1891. Hurricanes and human nature

I have been watching

https://www.wunderground.com/cat6/hurricane-irma-track-towards-lesser-antilles

the discussion illustrates how people’s judgment is a mix of perception and to their own character. The smart view is that it’s too early to know what Irma will do but most, say 80%, have a judgment as to whether it will hit Florida or the Carolinas, Washington or New York or possibly go out to sea and hit nothing. Clearly from the fact of a hurricane 3000 miles away with a very diverse set of possible pass to a judgment, say that it will hit New York (as one person said, “I have a pretty bad feeling about this I’m sure it’s going to hit New York.” ). there has to be the addition to the perception that strong emotional bias. The most obvious biases are towards doom thinking and trivialization. Because the site attracts people who are interested in following the hurricane’s development and movement, the doom-sayers predominate.

Reminds me of Y2K where the same thing happened. People “knew” that it wa going to be a big deal, or they “knew” that it was just made up hype. This division of attitudes in the face of little evidence made analysis difficult. The reality turned out was a mix of real and imagined problems. Separating those out was hard. Wth the Hurricane obviously most places will not be hit, but which will? Since we can’t tell we are torn between saying “prepare” and “cool it.” For those who do get hit cooling it will have been the wrong advise? A great philosophical problem. Buts lots of interesting psychology about perception, judgement and reality.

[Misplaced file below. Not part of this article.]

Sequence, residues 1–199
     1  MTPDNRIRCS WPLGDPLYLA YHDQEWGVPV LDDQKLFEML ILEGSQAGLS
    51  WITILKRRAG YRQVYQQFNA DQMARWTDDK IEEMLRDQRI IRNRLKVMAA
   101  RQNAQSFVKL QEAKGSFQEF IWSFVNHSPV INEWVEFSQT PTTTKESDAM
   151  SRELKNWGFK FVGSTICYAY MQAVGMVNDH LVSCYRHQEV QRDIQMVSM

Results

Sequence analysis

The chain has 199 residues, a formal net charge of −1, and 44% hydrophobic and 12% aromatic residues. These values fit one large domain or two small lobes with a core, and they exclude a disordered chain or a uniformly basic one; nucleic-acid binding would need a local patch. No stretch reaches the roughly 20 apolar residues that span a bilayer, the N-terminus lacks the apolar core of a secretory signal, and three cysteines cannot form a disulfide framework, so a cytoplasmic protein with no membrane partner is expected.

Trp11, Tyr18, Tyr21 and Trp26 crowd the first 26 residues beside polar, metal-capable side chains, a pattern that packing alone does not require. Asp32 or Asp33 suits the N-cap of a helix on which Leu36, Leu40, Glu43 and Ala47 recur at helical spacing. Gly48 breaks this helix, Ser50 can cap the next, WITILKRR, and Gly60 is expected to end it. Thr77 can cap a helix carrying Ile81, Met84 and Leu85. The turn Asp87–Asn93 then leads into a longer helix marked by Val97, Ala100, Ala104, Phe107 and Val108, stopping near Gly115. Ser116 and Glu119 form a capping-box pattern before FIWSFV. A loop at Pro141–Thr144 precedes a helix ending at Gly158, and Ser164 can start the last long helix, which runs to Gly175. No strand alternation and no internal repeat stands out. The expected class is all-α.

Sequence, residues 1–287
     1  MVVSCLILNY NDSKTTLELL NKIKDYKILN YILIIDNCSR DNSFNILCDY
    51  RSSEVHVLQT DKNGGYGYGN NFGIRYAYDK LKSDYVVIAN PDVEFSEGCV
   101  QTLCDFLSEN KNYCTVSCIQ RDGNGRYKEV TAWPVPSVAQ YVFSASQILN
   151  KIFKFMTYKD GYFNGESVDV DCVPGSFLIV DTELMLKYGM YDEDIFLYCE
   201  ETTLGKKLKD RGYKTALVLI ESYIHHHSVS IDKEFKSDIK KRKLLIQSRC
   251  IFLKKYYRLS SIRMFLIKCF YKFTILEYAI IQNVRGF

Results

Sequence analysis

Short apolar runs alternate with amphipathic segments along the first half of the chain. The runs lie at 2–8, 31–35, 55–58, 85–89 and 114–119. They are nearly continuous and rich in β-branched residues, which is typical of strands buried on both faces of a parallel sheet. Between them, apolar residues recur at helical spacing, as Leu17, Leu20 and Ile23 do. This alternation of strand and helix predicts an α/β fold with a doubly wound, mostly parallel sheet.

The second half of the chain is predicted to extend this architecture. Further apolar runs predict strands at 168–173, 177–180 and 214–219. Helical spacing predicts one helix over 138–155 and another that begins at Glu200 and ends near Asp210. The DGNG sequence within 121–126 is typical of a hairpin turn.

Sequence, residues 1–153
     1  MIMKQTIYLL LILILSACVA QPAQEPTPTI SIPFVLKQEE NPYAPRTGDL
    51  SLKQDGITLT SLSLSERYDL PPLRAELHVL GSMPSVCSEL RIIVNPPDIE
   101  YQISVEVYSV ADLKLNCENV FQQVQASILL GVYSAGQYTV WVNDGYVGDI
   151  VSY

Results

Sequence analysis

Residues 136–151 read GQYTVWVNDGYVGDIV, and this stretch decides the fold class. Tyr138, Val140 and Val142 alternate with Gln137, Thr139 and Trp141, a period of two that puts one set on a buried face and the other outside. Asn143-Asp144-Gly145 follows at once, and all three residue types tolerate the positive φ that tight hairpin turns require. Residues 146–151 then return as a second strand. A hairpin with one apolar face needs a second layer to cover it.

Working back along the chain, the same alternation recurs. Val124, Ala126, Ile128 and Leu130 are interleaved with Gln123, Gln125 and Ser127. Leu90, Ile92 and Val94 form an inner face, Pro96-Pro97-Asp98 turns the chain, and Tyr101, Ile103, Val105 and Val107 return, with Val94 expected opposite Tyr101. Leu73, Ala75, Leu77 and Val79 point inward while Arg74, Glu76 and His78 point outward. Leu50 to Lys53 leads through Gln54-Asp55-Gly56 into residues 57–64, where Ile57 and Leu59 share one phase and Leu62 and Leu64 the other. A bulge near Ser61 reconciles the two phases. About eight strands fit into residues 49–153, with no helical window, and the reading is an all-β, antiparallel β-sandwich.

Leave a Reply

Fill in your details below or click an icon to log in:

WordPress.com Logo

You are commenting using your WordPress.com account. Log Out / Change )

Twitter picture

You are commenting using your Twitter account. Log Out / Change )

Facebook photo

You are commenting using your Facebook account. Log Out / Change )

Google+ photo

You are commenting using your Google+ account. Log Out / Change )

Connecting to %s

WordPress.com.

Up ↑

%d bloggers like this: